- Uroz, S.; Oger, P.M.; Chapelle, E.; Adeline, M.T.; Faure, D.; Dessaux, Y. A Rhodococcus qsdA-encoded enzyme defines a novel class of large-spectrum quorum-quenching lactonases. Appl. Environ. Microbiol. 2008, 74, 1357–1366, doi:10.1128/AEM.02014-07.
- Barbey, C.; Crépin, A.; Bergeau, D.; Ouchiha, A.; Mijouin, L.; Taupin, L.; Orange, N.; Feuilloley, M.; Dufour, A.; Burini, J.F.; Latour, X. In planta biocontrol of Pectobacterium atrosepticum by Rhodococcus erythropolis involves silencing of pathogen communication by the rhodococcal gamma-lactone catabolic pathway. PLoS One 2013, 8, e66642, doi:10.1371/journal.pone.0066642.
- Barbey, C.; Crépin, A.; Cirou, A.; Budin-Verneuil, A.; Orange, N.; Feuilloley, M.; Faure, D.; Dessaux, Y.; Burini, J.F.; Latour, X. Catabolic pathway of gamma-caprolactone in the biocontrol agent Rhodococcus erythropolis. J. Proteome Res. 2012, 11, 206–216, doi:10.1021/pr200936q.
- Afriat, L.; Roodveldt, C.; Manco, G.; Tawfik, D.S. The latent promiscuity of newly identified microbial lactonases is linked to a recently diverged phosphotriesterase. Biochemistry 2006, 45, 13677–13686, doi:10.1021/bi061268r.
- Curragh, H.; Flynn, O.; Larkin, M.J.; Stafford, T.M.; Hamilton, J.T.; Harper, D.B. Haloalkane degradation and assimilation by Rhodococcus rhodochrous NCIMB 13064. Microbiology 1994, 140, 1433–1442, doi:10.1099/00221287-140-6-1433.
- Singh, B.K. Organophosphorus-degrading bacteria: Ecology and industrial applications. Nat. Rev. Microbiol. 2009, 7, 156–164, doi:10.1038/nrmicro2050.
- Sekine, M.; Tanikawa, S.; Omata, S.; Saito, M.; Fujisawa, T.; Tsukatani, N.; Tajima, T.; Sekigawa, T.; Kosugi, H.; Matsuo, Y.; et al. Sequence analysis of three plasmids harboured in Rhodococcus erythropolis strain PR4. Environ. Microbiol. 2006, 8, 334–346, doi:10.1111/j.1462-2920.2005.00899.x.
- Ramos, J.L.; Martinez-Bueno, M.; Molina-Henares, A.J.; Teran, W.; Watanabe, K.; Zhang, X.; Gallegos, M.T.; Brennan, R.; Tobes, R. The TetR family of transcriptional repressors. Microbiol. Mol. Biol. Rev. 2005, 69, 326–356.
- Cuthbertson, L.; Nodwell, J.R. The TetR family of regulators. Microbiol. Mol. Biol. Rev. 2013, 77, 440–475, doi:10.1128/MMBR.00018-13.
- Si, D.; Urano, N.; Shimizu, S.; Kataoka, M. LplR, a repressor belonging to the TetR family, regulates expression of the L-pantoyl lactone dehydrogenase gene in Rhodococcus erythropolis. Appl. Environ. Microbiol. 2012, 78, 7923–7930, doi:10.1128/AEM.01583-12.
- Cha, C.J.; Cain, R.B.; Bruce, N.C. The modified beta-ketoadipate pathway in Rhodococcus rhodochrous N75: Enzymology of 3-methylmuconolactone metabolism. J. Bacteriol. 1998, 180, 6668–6673.
- Alvarez, H.M. Relationship between β-oxidation pathway and the hydrocarbon-degrading profile in actinomycetes bacteria. Intern. Biodeterior. Biodegrad. 2003, 52, 35–42, doi:10.1016/S0964-8305(02)00120-8.
- Van der Vlugt-Bergmans, C.J.; van der Werf, M.J. Genetic and biochemical characterization of a novel monoterpene epsilon-lactone hydrolase from Rhodococcus erythropolis DCL14. Appl. Environ. Microbiol. 2001, 67, 733–741, doi:10.1128/AEM.67.2.733-741.2001.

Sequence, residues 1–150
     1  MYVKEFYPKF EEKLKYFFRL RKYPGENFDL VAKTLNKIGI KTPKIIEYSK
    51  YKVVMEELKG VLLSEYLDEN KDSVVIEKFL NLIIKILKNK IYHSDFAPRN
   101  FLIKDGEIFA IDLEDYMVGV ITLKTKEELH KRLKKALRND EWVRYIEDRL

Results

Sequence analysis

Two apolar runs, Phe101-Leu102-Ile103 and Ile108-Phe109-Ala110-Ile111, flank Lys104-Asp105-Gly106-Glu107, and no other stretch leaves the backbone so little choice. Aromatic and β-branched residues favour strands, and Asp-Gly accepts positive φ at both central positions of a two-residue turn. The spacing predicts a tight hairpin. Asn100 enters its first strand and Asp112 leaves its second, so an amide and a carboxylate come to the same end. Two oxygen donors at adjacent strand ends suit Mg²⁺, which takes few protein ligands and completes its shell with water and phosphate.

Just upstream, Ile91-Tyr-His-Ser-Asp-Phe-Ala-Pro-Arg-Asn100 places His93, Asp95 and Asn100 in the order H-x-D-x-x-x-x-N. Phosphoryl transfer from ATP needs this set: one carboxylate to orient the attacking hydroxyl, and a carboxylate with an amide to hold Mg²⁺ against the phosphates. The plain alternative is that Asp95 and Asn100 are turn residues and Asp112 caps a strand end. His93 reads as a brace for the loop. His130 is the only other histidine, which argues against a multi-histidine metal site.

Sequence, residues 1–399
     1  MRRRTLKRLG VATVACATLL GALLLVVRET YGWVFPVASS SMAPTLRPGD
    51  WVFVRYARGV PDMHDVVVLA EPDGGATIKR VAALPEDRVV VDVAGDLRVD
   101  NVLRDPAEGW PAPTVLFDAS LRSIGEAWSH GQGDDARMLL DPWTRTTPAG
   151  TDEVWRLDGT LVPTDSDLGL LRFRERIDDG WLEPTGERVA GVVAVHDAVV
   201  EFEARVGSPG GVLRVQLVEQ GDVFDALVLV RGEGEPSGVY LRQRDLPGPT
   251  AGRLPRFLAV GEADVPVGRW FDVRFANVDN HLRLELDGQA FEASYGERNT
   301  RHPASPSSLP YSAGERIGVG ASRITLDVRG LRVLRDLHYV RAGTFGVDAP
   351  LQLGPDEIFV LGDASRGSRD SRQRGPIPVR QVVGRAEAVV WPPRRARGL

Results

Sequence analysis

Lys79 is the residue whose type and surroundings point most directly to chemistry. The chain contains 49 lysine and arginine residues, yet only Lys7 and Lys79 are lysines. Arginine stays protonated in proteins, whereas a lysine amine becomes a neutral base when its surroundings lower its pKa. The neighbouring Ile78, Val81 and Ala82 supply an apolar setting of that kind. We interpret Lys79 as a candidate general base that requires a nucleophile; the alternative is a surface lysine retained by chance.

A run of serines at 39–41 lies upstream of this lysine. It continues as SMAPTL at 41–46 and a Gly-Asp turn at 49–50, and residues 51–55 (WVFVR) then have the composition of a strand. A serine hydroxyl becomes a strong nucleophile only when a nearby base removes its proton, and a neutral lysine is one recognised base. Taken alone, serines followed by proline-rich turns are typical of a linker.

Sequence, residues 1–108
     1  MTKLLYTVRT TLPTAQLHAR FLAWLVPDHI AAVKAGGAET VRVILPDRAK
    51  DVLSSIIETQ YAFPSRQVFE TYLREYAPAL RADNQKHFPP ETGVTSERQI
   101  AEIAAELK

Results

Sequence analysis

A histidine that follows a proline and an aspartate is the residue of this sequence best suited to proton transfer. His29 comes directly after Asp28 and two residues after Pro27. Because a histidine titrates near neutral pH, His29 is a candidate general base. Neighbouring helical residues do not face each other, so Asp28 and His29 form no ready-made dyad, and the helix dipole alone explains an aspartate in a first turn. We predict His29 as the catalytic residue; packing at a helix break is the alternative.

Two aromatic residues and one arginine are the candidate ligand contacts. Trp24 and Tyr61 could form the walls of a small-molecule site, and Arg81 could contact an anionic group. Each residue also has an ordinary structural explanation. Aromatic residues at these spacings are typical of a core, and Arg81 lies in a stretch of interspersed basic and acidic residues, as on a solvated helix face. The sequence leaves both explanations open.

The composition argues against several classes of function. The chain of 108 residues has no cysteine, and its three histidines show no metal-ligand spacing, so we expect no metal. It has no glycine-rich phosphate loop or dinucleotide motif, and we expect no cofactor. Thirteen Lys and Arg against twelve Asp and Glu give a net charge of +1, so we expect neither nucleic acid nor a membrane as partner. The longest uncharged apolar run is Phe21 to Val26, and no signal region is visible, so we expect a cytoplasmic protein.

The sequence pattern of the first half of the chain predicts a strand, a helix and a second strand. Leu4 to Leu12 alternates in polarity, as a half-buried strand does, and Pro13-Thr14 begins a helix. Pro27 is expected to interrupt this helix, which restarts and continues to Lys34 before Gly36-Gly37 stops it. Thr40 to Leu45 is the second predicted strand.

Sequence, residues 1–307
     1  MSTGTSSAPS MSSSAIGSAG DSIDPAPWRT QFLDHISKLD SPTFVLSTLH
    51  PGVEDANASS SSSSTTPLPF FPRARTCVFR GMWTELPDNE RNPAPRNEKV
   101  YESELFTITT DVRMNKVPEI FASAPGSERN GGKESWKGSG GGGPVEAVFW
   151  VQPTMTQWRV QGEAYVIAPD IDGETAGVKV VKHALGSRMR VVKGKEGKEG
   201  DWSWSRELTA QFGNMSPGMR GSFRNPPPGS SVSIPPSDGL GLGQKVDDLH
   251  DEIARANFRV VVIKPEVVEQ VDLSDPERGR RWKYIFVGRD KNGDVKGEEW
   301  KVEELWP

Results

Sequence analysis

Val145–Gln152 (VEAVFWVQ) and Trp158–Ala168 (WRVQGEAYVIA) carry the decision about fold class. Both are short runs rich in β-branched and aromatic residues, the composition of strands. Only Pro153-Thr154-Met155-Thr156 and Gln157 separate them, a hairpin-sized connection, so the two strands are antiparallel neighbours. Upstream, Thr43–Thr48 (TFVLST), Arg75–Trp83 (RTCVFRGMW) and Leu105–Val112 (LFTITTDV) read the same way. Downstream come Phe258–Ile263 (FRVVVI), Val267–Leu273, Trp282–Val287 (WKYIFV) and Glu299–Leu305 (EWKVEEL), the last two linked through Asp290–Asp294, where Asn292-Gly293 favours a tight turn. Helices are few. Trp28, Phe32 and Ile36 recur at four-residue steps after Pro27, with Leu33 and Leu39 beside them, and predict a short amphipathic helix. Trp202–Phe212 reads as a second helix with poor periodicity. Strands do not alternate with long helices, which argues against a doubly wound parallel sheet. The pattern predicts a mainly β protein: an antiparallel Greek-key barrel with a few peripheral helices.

- Kaufmann, G.F.; Sartorio, R.; Lee, S.H.; Rogers, C.J.; Meijler, M.M.; Moss, J.A.; Clapham, B.; Brogan, A.P.; Dickerson, T.J.; Janda, K.D. Revisiting quorum sensing: Discovery of additional chemical and biological functions for 3-oxo-N-acylhomoserine lactones. Proc. Natl. Acad. Sci. USA. 2005, 102, 309–314, doi:10.1073/pnas.0408639102.
- Roche, D.M.; Byers, J.T.; Smith, D.S.; Glansdorp, F.G.; Spring, D.R.; Welch, M. Communications blackout? Do N-acylhomoserine-lactone-degrading enzymes have any role in quorum sensing? Microbiology 2004, 150, 2023–2028, doi:10.1099/mic.0.26977-0.
- Reading, N.C.; Sperandio, V. Quorum sensing: the many language of bacteria. FEMS Microbiol. Lett. 2006, 254, 1–11, doi:10.1111/j.1574-6968.2005.00001.x.
- Takano, E. Gamma-butyrolactones: Streptomyces signalling molecules regulating antibiotic production and differentiation. Curr. Opin. Microbiol. 2006, 9, 287–294, doi:10.1016/j.mib.2006.04.003.
- Nishida, H.; Ohnishi, Y.; Beppu, T.; Horinouchi, S. Evolution of γ-butyrolactone synthases and receptors in Streptomyces. Environ. Microbiol. 2007, 9, 1986–1994, doi:10.1111/j.1462-2920.2007.01314.x.
- Carlier, A.; Uroz, S.; Smadja, B.; Fray, R.; Latour, X.; Dessaux, Y.; Faure, D. The Ti plasmid of Agrobacterium tumefaciens harbors an attM-paralogous gene, aiiB, also encoding N-Acyl homoserine lactonase activity. Appl. Environ. Microbiol. 2003, 69, 4989–4993, doi:10.1128/AEM.69.8.4989-4993.2003.
- Dong, Y.H.; Zhang, L.H. Quorum sensing and quorum-quenching enzymes. J. Microbiol. 2005, 43, 101–109.
- Barbey, C.; Kwasiborski, A.; Burini, J-F.; Faure, D.; Latour, X. Identification of a wide range of catabolic enzymes involved in the assimilation of various N-acyl homoserine lactones by Rhodococcus erythropolis. 2013. unpublished.
- Reimmann, C.; Ginet, N.; Michel, L.; Keel, C.; Michaux, P.; Krishnapillai, V.; Zala, M.; Heurlier, K.; Triandafillu, K.; Harms, H.; Défago, G.; Haas, D. Genetically programmed autoinducer destruction reduces virulence gene expression and swarming motility in Pseudomonas aeruginosa PAO1. Microbiology 2002, 148, 923–932.